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Workhorse shares tank on anemic Q2 revenue

$12,600 looks like a typo, but it’s all the electric truck maker brought in

Workhorse Group’s second-quarter revenue of $12,600 looks like a typo. But the maker of medium-duty electric delivery vans and chassis needs to put up with snickers and head-scratching for a while longer.

After gains in nine of the last 10 Wall Street sessions, Workhorse (NASDAQ: WKHS) shares fell 24.16% Tuesday to close at $3.39. Senate passage of the Inflation Reduction Act that includes significant money for electric vehicles and infrastructure fueled much of the stock’s run up. 

The Sharonville, Ohio-based company is undergoing a top-to-bottom restructuring under CEO Rick Dauch. He is leaving practically nothing the way he found it when he joined the company a year ago.

Among Dauch’s actions:

  • Replacing and expanding top leadership in manufacturing, supply chain, quality, materials and logistics and product development with automotive and supplier executives with decades of experience.
  • Withdrawing a challenge to the awarding of a contract for the Next Generation Delivery Vehicle for the U.S. Postal Service. Prospects of Workhorse winning the contract led retail investor enthusiasm. When Oshkosh Corp. won the contract in February 2021, Workhorse shares took a hit from which they have yet to recover.
  • Developing a three-year product plan for a range of Class 3-6 medium-duty trucks by the end of 2024. That started with grounding, recalling and redesigning the C1000 electric delivery van. The company is repairing them and expects to sell 161 of the vans and use leftover parts to build 50 to 70 more before canceling the product at the end of this year. 

‘One-trick pony’

“While painful, these were the right decisions to make for our company,” Dauch said Tuesday on a call with analysts. “When I got to Workhorse, we were a one-trick pony from a product perspective. The only vehicle we could offer customers was the unprofitable C1000.”

Workhorse has prospective customers for the C1000 vans it is repairing beginning in September. Having already written down the value of the 161 vans, proceeds from their sale will be recorded as cash gains, CFO Bob Ginnan said.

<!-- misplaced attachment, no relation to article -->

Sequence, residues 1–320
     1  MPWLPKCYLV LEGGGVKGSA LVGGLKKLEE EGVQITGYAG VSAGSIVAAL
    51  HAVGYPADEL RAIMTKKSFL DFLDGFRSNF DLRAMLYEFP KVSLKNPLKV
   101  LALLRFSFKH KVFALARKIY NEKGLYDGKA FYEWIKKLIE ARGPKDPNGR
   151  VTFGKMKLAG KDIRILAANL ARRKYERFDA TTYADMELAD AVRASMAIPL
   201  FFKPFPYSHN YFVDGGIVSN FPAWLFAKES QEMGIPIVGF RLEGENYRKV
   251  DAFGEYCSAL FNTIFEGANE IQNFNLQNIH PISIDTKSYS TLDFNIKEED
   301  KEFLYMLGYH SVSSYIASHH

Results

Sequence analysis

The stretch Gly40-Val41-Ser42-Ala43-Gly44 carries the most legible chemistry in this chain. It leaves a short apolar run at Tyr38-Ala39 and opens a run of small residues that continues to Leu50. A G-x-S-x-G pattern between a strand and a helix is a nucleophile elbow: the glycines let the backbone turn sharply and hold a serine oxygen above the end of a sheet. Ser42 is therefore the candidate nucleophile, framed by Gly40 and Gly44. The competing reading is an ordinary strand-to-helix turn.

“Over the past nine months, we have redesigned over 26% of the parts on the C1000,” Dauch said. “This took a bit longer than we expected. As my old man would say, ‘Don’t give me your excuses, just deliver results.’ We’re going to make up that production and get it done.”

Workhorse plans to assemble 50 to 70 more C1000s from leftover parts before retiring the van at the end of the year, Dauch said. Service will be available on all C1000 vans, he said..

Workhorse a ‘fundamentally different company’

“Make no mistake,” Dauch said. “Workhorse is a fundamentally different company today than it was a year ago.”

To cover the gap until its ground-up W56 and E34 purpose-built electric chassis are ready for production in 2023 and 2024, Workhorse is purchasing Class 4 electric vehicles from GreenPower Motor Co. that it will rebrand as the W4 chassis cab and W750 step van. 

The W4, which has a segment-leading 5,000-pound cargo capacity, begins production this quarter. The W750 goes into production in Q4. GreenPower has shipped 17 vehicles to Workhorse so far.

Workhorse lost $21.2 million in Q2 compared to $43.6 million in the same period last year. Loss from operations for the second quarter was $22.1 million compared to $22.7 million in the same period last year.

If current supply chain lead times remain unchanged, Workhorse expects to manufacture and sell 150-250 vehicles and generate between $15 million to $25 million in revenue for calendar year 2022.

Workhorse Ranch rising

Workhorse modernized equipment, expanded production space and christened its Union City, Indiana, plant as Workhorse Ranch, which Dauch said is “fast becoming a world-class manufacturing complex.

“I’ve met with staff members that have returned after being away from the plant for several years. They cannot believe this is the same facility,” Dauch said. The company expects to hire 100 to 150 hourly workers there in 2023 and 2024. About 80 production workers are employed today.

Workhorse signed a three-year agreement to contract manufacture up to 2,000 small sub-Class 1 trucks a year for Silicon Valley-based Tropos Technologies. Tropos makes electric low-speed utility vehicles and trucks for corporate, fleet, first-responder, agriculture, last-mile delivery and construction industries.

Workhorse Group will contract manufacture sub-Class 1 trucks for Silicon Valley-based Tropos Technologies. (Photo: Workhorse Group/Tropos Technologies)

“It’s a truck that we want to exercise our muscles [on],” Dauch said. “Our people have been sitting idle basically, cleaning up the facility, rehabbing the facility. It’s been a long time since we turned a torque wrench or assembled things. We want to do some of that this year.”

Stock deal clears Workhorse debt 

Workhorse will build no trucks in 1H22 amid reset to new platforms

Starting over: Workhorse overhaul could lead to more than electric vans

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Alan Adler

Alan Adler is a Detroit-based award-winning journalist who worked for The Associated Press, the Detroit Free Press and most recently as Detroit Bureau Chief for Trucks.com. He also spent two decades in domestic and international media relations and executive communications with General Motors.